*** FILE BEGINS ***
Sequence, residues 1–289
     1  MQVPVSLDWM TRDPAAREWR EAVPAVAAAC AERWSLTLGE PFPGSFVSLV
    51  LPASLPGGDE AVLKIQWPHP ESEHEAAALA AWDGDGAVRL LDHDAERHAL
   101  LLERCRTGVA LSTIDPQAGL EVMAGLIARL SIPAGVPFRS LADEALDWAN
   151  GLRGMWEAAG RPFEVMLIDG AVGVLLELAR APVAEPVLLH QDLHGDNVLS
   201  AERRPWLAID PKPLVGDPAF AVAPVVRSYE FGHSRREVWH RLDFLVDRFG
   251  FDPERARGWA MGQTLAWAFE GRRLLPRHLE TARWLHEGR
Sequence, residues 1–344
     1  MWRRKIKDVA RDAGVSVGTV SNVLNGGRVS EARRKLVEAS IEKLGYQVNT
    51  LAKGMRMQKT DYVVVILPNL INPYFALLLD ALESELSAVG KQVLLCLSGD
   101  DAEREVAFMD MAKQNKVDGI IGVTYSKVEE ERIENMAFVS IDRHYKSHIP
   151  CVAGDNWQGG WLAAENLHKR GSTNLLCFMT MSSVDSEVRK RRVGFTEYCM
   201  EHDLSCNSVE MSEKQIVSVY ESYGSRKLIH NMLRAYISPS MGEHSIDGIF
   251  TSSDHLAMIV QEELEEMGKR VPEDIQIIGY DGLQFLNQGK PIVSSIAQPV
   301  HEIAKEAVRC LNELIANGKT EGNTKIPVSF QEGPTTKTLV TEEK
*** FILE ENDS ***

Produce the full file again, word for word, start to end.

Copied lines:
Sequence, residues 1–289
     1  MQVPVSLDWM TRDPAAREWR EAVPAVAAAC AERWSLTLGE PFPGSFVSLV
    51  LPASLPGGDE AVLKIQWPHP ESEHEAAALA AWDGDGAVRL LDHDAERHAL
   101  LLERCRTGVA LSTIDPQAGL EVMAGLIARL SIPAGVPFRS LADEALDWAN
   151  GLRGMWEAAG RPFEVMLIDG AVGVLLELAR APVAEPVLLH QDLHGDNVLS
   201  AERRPWLAID PKPLVGDPAF AVAPVVRSYE FGHSRREVWH RLDFLVDRFG
   251  FDPERARGWA MGQTLAWAFE GRRLLPRHLE TARWLHEGR
Sequence, residues 1–344
     1  MWRRKIKDVA RDAGVSVGTV SNVLNGGRVS EARRKLVEAS IEKLGYQVNT
    51  LAKGMRMQKT DYVVVILPNL INPYFALLLD ALESELSAVG KQVLLCLSGD
   101  DAEREVAFMD MAKQNKVDGI IGVTYSKVEE ERIENMAFVS IDRHYKSHIP
   151  CVAGDNWQGG WLAAENLHKR GSTNLLCFMT MSSVDSEVRK RRVGFTEYCM
   201  EHDLSCNSVE MSEKQIVSVY ESYGSRKLIH NMLRAYISPS MGEHSIDGIF
   251  TSSDHLAMIV QEELEEMGKR VPEDIQIIGY DGLQFLNQGK PIVSSIAQPV
   301  HEIAKEAVRC LNELIANGKT EGNTKIPVSF QEGPTTKTLV TEEK